617 F2d 362 In Re International Marine Towing Inc
617 F.2d 362
In re INTERNATIONAL MARINE TOWING, INC., Petitioner.
United States Court of Appeals,
April 25, 1980.
Toole, Taylor, Moseley & Joyner, Robert E. Warren, Jacksonville, Fla., for petitioner.
David G. Hanlon, Tampa, Fla., for M/V King's Challenger.
Alan B. Vlcek, Jacksonville, Fla., for First MS Nat'l Bank.
On Petition for Writ of Mandamus to the United States District Court for the Middle District of Florida.
Before GEE, RUBIN and POLITZ, Circuit Judges.
ALVIN B. RUBIN, Circuit Judge:
The district court transferred an in rem action from the Middle District of Florida to another district in which an in personam action between the same parties involving the same issues is pending. Mandamus is sought to prevent the transfer on the ground that the statute permitting transfer of cases to a more convenient forum, 28 U.S.C. § 1404, does not apply to proceedings in rem. Concluding that Congress did not intend so narrowly to circumscribe the discretion of the courts to further the public interest both by avoiding duplicate proceedings and by conducting trials in the most convenient forum, we decline to intervene and thus to frustrate the basic purpose of Congress in passing § 1404(a). See Continental Grain Co. v. The Barge FBL-585, 364 U.S. 19, 80 S.Ct. 1470, 4 L.Ed.2d 1540 (1960).
First National Bank has a ship mortgage on the tug, KING'S CHALLENGER. The vessel was in Jacksonville, Florida. First National brought an in rem action to foreclose its mortgage, a warrant of arrest was issued and the vessel was seized in the Middle District of Florida. International Marine Towing, Inc., which had chartered the vessel from its owners, Southern Leasing Partners, intervened in the foreclosure proceeding asserting a maritime lien for financial unseaworthiness and breach of the charter. First National and SLP settled their differences, but IMT's claim was not resolved. The district judge then set a $50,000 bond to secure IMT, retaining jurisdiction to increase the bond if it subsequently appeared that IMT's claim exceeded $50,000. First National and SLP were dismissed from the proceeding.
Meanwhile IMT had filed an in personam action against SLP in the Eastern District of Louisiana seeking damages for breach of charter. Almost a year later, SLP sought transfer of the in rem action to that district so that the two proceedings could be consolidated. IMT concedes that Louisiana is the more convenient forum; both actions arise out of the same transaction, involve the same issues and require the same witnesses and other evidence. IMT, however, opposed on the ground that the court had no authority to transfer the case. After the district judge had ordered transfer, IMT sought reconsideration and, for the first time, moved in the alternative for an increase in the amount of the bond before the transfer was effected. The district judge refused to reconsider the amount of the bond stating that the motion for its increase was not before the court when he had ordered the transfer. In the meanwhile, its settlement agreement having failed, First National has filed a new action to foreclose its mortgage and has again seized the KING'S CHALLENGER in Jacksonville.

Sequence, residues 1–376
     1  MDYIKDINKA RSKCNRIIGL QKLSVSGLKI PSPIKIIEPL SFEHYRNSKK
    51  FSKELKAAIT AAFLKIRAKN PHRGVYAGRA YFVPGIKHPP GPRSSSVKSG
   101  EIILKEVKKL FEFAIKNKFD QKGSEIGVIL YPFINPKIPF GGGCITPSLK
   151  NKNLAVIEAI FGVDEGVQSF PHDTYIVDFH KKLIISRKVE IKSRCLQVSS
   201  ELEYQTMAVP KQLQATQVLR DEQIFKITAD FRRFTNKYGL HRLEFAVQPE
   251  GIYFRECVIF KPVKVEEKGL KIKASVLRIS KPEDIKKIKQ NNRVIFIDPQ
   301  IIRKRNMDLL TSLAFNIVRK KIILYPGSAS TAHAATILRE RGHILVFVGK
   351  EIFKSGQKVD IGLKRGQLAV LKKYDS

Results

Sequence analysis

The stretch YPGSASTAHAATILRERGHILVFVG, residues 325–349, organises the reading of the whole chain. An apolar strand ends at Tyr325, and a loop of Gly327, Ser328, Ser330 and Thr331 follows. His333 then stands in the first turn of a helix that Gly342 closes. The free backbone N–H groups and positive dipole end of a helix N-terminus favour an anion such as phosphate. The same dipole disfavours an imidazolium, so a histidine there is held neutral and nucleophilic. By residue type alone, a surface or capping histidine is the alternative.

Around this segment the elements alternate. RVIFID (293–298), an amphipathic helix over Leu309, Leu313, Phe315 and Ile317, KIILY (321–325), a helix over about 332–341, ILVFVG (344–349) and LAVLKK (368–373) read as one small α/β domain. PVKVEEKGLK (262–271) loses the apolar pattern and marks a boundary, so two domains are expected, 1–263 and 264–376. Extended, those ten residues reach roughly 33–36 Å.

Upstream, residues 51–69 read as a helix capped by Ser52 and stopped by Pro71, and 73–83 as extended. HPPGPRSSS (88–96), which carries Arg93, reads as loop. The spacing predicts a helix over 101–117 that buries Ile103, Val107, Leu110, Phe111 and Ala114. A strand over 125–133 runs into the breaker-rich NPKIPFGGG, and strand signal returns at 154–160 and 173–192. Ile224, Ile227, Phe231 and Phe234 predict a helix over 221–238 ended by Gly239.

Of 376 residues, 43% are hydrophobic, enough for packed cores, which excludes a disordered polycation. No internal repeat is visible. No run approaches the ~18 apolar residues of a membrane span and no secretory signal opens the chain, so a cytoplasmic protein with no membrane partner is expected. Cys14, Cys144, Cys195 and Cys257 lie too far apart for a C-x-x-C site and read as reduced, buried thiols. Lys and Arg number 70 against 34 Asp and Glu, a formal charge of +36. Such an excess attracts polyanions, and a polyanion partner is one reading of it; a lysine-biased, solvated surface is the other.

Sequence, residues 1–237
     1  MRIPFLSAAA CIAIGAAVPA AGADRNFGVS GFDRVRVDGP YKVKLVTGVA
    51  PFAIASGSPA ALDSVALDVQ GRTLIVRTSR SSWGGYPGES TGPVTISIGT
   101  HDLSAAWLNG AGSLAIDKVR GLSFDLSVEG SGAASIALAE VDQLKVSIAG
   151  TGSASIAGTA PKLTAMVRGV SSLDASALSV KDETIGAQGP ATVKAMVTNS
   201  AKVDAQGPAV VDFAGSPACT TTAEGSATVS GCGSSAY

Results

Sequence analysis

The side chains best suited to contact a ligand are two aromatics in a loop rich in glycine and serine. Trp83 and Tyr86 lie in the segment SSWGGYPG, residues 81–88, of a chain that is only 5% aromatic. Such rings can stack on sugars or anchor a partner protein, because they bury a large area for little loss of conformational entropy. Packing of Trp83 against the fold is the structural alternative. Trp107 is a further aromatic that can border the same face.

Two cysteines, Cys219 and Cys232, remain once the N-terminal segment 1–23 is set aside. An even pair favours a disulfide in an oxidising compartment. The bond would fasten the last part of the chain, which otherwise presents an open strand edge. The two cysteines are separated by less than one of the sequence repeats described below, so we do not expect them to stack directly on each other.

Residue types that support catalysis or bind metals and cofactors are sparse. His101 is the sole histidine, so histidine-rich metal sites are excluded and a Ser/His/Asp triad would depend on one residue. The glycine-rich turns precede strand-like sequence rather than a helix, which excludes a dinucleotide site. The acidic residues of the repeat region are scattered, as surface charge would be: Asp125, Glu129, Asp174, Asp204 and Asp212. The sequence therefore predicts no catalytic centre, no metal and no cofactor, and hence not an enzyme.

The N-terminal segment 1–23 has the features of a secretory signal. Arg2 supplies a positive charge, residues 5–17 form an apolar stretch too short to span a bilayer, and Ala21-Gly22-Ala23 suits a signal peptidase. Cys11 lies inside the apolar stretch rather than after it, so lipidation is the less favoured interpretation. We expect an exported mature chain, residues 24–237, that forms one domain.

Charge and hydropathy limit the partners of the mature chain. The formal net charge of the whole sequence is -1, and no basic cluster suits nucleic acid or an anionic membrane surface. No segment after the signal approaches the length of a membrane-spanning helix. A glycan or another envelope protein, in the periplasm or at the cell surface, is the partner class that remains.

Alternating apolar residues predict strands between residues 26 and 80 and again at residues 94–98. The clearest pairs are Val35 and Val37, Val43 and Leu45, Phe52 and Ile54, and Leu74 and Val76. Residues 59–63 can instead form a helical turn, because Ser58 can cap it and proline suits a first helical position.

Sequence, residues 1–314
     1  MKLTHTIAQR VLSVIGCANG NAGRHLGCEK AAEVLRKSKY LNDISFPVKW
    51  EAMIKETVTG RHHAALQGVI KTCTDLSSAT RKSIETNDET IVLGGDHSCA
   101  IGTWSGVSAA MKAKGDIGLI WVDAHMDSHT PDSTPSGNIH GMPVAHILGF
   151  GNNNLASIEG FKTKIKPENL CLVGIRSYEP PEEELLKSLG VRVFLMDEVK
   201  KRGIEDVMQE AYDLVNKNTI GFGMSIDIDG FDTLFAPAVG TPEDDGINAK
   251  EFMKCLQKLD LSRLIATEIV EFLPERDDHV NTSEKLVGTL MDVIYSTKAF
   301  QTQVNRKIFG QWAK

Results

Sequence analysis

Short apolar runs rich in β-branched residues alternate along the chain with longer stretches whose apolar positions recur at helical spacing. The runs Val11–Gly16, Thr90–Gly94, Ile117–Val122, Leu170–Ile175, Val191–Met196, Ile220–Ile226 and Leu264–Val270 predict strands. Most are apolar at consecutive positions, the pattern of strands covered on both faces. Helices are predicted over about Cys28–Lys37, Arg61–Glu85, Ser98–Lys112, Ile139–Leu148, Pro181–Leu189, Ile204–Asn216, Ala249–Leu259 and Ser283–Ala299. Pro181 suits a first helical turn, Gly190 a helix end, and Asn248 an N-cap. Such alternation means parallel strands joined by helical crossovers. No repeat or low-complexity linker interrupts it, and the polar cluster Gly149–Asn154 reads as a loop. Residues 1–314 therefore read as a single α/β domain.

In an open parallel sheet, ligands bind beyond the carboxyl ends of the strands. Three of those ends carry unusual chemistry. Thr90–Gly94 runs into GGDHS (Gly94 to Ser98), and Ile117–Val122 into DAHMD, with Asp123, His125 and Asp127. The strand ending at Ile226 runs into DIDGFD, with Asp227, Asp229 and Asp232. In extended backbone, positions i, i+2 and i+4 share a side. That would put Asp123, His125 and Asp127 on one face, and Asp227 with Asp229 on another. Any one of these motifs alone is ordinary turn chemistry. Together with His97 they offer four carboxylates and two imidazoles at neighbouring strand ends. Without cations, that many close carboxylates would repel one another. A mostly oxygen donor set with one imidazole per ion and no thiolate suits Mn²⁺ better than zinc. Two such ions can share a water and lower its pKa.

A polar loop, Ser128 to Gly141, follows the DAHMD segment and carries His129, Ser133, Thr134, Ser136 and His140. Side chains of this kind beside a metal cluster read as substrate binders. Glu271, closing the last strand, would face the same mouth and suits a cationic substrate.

Section 1404(a)1 permits a civil action to be transferred to any other district "where it might have been brought." IMT contends that this is a limitation impliedly prohibiting transfer to a district where the action could not have been brought. It argues that an in rem proceeding can be filed only where the vessel can be found and that this action could not have been brought in Louisiana. It concludes, therefore, that the action may not be transferred. This argument is based not only on a literal reading of the statute but the confinement of its reach to the bounds thus defined.